1. I wonder what you think comes out of this “unity”. I assure you it’s not paradise, I have intel from a certain cloud in the sky so you’ll have to take my word for it. I strongly doubt that if we were to become a unified planet that wars/poverty/class systems would end. They would just look different. In fact, a unified planet would be much more broken up into littler pieces then it is now, because how else would you govern such a thing. For the most part I’m against this idea of “unity” because it implies a great deal of blood and loss, the loss of singular/insular cultures that have been around for millenia. It also reminds me a lot of white-washing and Nazism. Of course I don’t think that such a thing can happen again, at least not an outright extermination on a continental scale, but there are some similarities: both have an ideology based on one-ness, granted the Nazi ideology was more purified one-ness (but the idea of one-ness is a purification in itself, because in order to come to one you need to come from many, and in order to become one you need to acknowledge that the many is not correct/right/moral/fill-in-the-blank); both are on the world scale and both imply some type of paradisaical end. This is the philosophy/hope of the catholic church. For the recoming of the saviour to bring about the time of paradise. And it’s interesting to note that with paradise comes the apocalypse.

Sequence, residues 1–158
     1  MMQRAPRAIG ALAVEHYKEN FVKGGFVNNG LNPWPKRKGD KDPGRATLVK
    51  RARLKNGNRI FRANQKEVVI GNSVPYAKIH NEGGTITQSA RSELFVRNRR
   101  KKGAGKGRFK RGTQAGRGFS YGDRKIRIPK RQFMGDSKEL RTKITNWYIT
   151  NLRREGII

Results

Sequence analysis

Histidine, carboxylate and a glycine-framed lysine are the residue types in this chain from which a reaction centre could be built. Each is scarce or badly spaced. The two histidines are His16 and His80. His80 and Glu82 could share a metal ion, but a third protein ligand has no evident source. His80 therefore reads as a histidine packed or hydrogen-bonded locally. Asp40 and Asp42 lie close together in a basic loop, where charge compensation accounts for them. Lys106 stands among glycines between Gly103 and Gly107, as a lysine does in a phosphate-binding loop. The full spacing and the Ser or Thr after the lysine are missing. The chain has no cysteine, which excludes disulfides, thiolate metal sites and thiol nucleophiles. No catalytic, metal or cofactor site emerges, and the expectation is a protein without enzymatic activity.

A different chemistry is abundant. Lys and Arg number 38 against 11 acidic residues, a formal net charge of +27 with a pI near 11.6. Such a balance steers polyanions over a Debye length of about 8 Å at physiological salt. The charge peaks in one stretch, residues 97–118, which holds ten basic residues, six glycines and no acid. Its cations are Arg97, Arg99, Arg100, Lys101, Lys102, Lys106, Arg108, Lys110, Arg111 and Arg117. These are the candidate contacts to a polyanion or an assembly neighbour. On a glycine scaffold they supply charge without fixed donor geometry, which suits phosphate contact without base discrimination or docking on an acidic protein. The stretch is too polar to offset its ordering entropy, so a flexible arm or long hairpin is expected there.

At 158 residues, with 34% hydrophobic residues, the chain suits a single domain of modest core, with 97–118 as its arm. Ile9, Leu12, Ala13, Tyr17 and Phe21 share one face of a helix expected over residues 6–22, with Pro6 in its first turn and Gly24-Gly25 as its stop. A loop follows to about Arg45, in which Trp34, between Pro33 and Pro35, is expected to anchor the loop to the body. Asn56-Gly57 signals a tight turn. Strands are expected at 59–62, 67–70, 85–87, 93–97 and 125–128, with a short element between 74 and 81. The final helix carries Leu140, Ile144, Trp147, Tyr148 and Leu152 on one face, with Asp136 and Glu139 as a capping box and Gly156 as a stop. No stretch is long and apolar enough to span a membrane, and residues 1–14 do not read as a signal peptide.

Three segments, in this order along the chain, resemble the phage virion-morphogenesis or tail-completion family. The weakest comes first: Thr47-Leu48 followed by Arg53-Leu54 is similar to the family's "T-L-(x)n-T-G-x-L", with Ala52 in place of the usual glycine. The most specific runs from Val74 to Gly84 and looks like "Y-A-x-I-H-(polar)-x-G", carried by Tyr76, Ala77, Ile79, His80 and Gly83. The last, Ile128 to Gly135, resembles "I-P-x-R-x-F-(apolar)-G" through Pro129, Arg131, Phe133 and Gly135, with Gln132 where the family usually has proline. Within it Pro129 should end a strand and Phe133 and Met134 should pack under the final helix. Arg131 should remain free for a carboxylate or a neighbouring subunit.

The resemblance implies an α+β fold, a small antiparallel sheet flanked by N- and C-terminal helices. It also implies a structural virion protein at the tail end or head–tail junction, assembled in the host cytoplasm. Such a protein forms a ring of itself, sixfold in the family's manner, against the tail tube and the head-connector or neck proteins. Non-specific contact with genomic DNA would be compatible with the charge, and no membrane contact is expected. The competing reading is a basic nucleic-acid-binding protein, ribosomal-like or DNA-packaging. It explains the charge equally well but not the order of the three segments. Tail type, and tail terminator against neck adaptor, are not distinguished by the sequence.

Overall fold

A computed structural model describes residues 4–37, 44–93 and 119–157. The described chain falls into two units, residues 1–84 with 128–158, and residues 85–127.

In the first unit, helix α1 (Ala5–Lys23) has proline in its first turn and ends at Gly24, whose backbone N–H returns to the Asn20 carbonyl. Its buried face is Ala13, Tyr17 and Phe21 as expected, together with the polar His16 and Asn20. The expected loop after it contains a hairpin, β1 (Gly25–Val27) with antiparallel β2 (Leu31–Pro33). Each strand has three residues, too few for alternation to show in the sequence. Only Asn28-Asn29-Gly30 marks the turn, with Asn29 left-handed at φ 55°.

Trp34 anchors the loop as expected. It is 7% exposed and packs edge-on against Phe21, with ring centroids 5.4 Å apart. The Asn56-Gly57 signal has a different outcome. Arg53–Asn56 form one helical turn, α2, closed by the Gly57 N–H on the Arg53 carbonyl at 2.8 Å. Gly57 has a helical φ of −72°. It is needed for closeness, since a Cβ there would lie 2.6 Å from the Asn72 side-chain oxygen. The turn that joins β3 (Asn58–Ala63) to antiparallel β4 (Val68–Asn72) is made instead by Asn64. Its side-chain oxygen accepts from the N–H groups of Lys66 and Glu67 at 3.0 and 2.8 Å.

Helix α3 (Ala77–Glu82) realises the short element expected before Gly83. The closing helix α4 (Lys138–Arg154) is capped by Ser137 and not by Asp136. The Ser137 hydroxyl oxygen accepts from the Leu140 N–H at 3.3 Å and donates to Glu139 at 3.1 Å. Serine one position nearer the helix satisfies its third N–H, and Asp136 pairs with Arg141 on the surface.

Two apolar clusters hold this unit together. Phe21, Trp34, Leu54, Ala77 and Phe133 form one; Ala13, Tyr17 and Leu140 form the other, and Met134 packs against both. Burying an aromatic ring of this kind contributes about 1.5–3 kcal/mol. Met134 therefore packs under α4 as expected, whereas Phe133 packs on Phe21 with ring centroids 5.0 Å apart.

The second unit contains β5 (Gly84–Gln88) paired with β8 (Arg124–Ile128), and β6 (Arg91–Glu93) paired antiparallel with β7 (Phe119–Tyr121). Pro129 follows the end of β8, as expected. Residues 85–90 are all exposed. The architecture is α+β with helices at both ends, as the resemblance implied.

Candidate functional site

2. Hmmm, I got a little off the rails there…but on the whole I do agree with you. Languages and Histories (=Culture) are the same no matter where you are because all humans share a similar psychology. Just look at comparative mythology. It’s incredible to see how many tropes and archetypes are in similar between all world mythologies, especially since there was no interaction between the civilizations.

  3. Garth,

    I apologize for the delayed response. To briefly address a concern in your first comment: Writing Cosmic Samba was not an effort for the world to unite as a people. Not in the least bit. I was merely pointing out the central features of humanhood and how they get translated across different groups of people. It’s interesting that these translations create the notion that people in different continents are fundamentally different when that is not necessarily true. This idea played a major role in putting this article together. You sure did get a little “off the rails”! But, nonetheless, it was for discussion sake. So it’s all good!

    And yeah: look at mythologies across groups of people and you’re guaranteed to come across some parallels.